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  1. #1
    Senior Member metalheart44's Avatar
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    Any Cervelo RS Owners Also Ride Steel?

    At 65 I started cycling again after a 20+ year lay off. I am shopping for a new bike for pavement rides of 40-50 miles on a combination of flats and hills. I have done some test rides of a wide range of bikes and I like the Specialized Roubaix, the Felt Z5, and I really like the Cervelo RS. The short test rides means I have to guess what each bike would feel like after 30 miles ...

    My current bike is steel and I am reasonably happy with it, but I need to shorten the stem to make it comfortable for longer rides. Since I am going to buy another bike anyway, and I favor the ride of the RS, I am wondering if there are any RS owners who also have steel bikes and if so, how do you compare the ride for longer distances ....

    The retail price on the RS is not too far off from a custom steel bike and I briefly thought about a Carl Strong or similar, but then I do not have any unusual anatomy that makes a custom bike necessary other than it would be nice to have something tailored exactly to my needs.

    Just some random thoughts as I think about the next bike....

  2. #2
    Just Ride BITSA's Avatar
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    Hey metalheart44,

    I just got my RS in early July and have already put over 1k miles on it. Most rides during the week were 25 miles with 50-70 mile rides on the weekend.
    I just love this bike, the ride is great and you can still hammer to go fast. I do have a Peugeot (1986 - P6), which has gotten very little use since the RS.
    I use to use the Peugeot for small local rides and the Madone for longer rides, now its mostly the RS and the Madone for 25 and less high intensity rides.
    Cervelo R3T (Crash Replacement for RS)
    Trek Madone 4.5...........................................Trek 6000D
    Moto Fantom Cross Team Ti..........................Peugeot 1986 - P6

  3. #3
    Senior Member bobbycorno's Avatar
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    Quote Originally Posted by BITSA View Post
    Hey metalheart44,

    I just got my RS in early July and have already put over 1k miles on it. Most rides during the week were 25 miles with 50-70 mile rides on the weekend.
    I just love this bike, the ride is great and you can still hammer to go fast. I do have a Peugeot (1986 - P6), which has gotten very little use since the RS.
    I use to use the Peugeot for small local rides and the Madone for longer rides, now its mostly the RS and the Madone for 25 and less high intensity rides.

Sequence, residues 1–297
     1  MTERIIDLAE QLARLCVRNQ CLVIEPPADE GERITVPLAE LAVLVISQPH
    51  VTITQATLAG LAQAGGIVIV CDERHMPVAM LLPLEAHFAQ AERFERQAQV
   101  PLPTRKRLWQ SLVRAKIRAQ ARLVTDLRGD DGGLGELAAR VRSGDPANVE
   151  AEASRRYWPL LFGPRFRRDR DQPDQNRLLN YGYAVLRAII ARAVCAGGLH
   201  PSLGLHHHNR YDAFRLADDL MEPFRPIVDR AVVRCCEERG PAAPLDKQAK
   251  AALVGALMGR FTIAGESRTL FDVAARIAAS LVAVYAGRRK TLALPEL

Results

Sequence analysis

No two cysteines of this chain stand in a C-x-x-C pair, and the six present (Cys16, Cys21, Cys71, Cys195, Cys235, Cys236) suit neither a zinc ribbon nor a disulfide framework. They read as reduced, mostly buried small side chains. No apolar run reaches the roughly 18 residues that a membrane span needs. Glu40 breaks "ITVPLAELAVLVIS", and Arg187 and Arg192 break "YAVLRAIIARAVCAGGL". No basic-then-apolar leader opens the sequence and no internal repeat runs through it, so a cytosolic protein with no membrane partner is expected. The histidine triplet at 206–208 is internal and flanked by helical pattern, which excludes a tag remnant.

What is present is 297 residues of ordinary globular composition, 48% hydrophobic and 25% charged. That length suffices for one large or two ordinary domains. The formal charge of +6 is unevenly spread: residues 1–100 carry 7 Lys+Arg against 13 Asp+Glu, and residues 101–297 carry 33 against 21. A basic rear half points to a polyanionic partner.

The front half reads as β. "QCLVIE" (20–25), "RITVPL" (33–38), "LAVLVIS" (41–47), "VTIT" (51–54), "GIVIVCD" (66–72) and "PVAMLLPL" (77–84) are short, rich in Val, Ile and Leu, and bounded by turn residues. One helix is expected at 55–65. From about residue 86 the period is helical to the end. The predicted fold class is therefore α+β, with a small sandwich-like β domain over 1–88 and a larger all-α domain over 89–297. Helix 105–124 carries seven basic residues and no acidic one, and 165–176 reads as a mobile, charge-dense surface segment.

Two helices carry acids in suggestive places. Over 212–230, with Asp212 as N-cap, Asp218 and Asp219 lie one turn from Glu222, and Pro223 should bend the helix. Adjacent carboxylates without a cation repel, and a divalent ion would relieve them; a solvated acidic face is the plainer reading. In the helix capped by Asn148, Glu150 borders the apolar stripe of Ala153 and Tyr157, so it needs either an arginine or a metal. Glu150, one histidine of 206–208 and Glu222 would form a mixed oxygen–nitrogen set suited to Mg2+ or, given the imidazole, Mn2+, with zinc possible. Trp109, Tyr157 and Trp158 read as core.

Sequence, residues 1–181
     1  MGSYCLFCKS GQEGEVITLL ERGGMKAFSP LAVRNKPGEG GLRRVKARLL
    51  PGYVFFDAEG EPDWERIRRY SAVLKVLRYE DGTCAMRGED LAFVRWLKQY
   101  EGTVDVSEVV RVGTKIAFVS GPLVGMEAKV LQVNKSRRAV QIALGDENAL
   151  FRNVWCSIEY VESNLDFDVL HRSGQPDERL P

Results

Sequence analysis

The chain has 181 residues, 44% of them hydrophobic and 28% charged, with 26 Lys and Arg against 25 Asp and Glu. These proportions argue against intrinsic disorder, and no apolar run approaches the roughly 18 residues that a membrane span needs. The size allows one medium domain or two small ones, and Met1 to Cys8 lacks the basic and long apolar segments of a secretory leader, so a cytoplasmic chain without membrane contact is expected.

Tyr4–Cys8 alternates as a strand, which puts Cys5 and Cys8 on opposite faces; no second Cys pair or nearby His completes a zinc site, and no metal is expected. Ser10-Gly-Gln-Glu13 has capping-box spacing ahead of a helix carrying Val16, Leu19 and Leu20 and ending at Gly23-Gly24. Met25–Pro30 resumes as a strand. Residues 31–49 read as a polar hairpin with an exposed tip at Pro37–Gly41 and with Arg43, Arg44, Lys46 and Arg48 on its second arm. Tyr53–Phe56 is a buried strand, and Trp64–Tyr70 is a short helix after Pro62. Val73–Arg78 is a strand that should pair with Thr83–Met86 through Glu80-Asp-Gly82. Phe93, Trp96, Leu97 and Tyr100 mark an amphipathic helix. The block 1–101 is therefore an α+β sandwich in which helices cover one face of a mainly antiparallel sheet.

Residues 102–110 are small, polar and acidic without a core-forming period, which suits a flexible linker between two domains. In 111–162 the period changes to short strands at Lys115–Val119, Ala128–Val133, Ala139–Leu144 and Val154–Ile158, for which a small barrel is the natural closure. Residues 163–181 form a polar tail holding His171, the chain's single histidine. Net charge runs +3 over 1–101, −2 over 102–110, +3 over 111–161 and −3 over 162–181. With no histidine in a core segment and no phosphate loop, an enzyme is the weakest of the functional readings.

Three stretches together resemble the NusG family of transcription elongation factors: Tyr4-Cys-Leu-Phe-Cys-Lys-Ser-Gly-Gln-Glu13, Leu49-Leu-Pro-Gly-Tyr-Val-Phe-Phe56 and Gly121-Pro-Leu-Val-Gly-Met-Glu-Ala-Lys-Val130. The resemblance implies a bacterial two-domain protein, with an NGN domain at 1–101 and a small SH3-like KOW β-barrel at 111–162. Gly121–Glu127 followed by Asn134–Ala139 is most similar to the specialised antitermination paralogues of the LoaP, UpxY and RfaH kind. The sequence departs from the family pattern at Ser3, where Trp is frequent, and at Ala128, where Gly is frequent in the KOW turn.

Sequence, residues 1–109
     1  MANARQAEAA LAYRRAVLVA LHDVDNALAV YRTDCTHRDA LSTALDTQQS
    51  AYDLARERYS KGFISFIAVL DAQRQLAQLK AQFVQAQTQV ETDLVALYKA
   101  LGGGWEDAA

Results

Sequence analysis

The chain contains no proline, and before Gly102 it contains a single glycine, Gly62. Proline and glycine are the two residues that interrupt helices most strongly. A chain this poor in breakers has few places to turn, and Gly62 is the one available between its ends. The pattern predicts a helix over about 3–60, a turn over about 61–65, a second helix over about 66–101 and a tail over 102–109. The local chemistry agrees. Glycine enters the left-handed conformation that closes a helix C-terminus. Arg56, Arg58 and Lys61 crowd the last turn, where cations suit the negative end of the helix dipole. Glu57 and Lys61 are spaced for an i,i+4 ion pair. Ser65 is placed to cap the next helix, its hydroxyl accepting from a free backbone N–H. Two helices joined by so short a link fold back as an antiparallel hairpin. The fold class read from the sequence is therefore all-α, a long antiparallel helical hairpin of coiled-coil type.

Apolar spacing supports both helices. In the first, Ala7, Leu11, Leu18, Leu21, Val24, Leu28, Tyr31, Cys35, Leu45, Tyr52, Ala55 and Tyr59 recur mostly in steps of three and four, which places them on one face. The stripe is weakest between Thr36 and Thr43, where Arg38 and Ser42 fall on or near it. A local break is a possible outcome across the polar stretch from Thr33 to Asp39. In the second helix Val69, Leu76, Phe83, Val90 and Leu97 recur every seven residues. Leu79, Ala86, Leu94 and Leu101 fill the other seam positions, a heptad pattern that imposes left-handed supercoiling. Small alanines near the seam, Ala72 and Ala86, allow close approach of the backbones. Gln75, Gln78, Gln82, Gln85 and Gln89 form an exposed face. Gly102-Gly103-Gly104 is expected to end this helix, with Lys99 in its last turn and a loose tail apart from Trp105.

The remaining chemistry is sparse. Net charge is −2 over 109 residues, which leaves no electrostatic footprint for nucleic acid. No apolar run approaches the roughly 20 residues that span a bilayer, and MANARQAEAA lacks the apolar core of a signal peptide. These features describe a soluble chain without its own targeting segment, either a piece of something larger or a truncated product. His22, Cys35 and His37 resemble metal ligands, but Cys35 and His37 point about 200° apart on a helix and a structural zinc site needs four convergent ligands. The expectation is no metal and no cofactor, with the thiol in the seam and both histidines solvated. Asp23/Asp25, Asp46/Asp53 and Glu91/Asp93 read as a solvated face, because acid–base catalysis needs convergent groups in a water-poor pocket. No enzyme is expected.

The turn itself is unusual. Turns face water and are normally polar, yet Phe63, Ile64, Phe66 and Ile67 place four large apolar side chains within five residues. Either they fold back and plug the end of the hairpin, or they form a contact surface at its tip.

Not surprising that you find the Cervelo more appealing than a Peugeot P6. Rather like comparing a Ferarri to a Pinto. Not exactly the matchup that the OP had in mind, methinks.

    SP
    Bend, OR

  4. #4
    Senior Member metalheart44's Avatar
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    Thanks for the replies ... For me, there is some hand wringing that goes into spending 4K plus on a new bike. I have read many of the recent threads here and elsewhere about steel, carbon, and ti frames, the importance of fit, the value of appropriate/good wheels for ride quality, and a range of opinions about the comfort of carbon/steel/ti. This piece about steel and carbon http://reviews.roadbikereview.com/bl...nd-not-carbon/ and the many comments that follow show the range of opinions about ride quality in various materials, particularly steel and carbon.

    My longer term experience is with steel, but my short rides on a range of carbon frames (Bianchi, Cervelo, Specialized, Trek, Cannondale, etc...) showed some promise, especially the RS and the Roubaix. This next bike is going to be my long ride bike, the 40+ mile bike, and some comfort and durability are the important factors in the decision point. I think about the Cervelo at 3.6K and a custom steel bike at about 4.2k and I just wonder if there is that much more value in a custom frame or if a stock carbon frame would do just as well on the fit end since there is nothing unusual about my torso to leg ratio. And, for either bike I can change the wheels to work for me.

    I thought some might have gone through the same decision and have experience with the RS.

    Thanks again,
    MH

  5. #5
    Senior Member Garfield Cat's Avatar
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    I have two Cervelo bikes, a steel Prodigy 2001 and the RS 2008. The Prodigy is a traditional geometry with longer wheelbase and the RS is sloping with shorter wheelbase. The RS is more fun to ride. Since you're in the Sierra foothills, you have a lot of elevation gain type riding.

    For me, its not just about the frame material, its about how the bike handles. The carbon material has a damping effect, so I can't say the RS rattles me more than the Prodigy. Yet on long descents, the steel Prodigy has that very assuring and steady handling quality. Some of this may be due to the longer wheelbase too.